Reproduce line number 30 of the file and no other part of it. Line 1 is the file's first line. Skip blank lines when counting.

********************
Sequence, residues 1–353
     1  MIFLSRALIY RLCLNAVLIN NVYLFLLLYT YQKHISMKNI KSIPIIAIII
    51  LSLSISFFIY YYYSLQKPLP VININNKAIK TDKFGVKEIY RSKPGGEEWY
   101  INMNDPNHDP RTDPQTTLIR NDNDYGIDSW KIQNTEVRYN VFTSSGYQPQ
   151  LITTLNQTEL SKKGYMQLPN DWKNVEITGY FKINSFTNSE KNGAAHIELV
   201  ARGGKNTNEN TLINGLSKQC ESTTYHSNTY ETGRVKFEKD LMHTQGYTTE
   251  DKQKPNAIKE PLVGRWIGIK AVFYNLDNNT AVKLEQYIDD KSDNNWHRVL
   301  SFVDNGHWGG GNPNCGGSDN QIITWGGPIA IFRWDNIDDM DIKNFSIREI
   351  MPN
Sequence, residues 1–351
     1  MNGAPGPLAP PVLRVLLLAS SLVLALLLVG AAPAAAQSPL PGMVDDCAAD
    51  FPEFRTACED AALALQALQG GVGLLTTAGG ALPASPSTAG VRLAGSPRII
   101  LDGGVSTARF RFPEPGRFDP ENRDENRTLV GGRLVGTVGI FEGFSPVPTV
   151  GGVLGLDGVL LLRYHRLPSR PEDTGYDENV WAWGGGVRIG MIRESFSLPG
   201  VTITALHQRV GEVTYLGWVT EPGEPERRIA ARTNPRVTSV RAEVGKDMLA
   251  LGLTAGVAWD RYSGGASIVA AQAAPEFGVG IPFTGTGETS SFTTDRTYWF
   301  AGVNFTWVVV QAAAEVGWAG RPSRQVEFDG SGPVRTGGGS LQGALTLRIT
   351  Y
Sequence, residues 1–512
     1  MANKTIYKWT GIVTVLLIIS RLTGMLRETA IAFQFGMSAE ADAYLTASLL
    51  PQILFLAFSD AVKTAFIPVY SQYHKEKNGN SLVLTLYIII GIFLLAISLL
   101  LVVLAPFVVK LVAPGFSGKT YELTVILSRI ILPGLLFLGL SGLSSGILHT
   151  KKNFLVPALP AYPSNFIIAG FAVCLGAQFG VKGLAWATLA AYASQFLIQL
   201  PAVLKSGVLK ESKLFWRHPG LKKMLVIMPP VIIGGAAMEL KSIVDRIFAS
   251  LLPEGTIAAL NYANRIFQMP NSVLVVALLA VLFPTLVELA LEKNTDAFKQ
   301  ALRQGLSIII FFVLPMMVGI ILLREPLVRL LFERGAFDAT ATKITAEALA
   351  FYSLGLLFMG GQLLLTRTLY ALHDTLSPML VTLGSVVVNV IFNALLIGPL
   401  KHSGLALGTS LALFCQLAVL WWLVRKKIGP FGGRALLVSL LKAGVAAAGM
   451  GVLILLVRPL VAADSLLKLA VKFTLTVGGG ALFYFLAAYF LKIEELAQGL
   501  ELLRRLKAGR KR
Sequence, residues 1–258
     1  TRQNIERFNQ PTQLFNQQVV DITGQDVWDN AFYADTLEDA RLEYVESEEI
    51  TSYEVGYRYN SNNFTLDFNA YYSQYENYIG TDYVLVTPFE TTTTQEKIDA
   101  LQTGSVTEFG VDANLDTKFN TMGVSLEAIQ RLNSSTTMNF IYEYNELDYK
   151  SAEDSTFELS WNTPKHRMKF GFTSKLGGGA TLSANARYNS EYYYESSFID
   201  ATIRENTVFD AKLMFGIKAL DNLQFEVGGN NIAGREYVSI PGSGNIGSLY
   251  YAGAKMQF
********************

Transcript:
   501  ELLRRLKAGR KR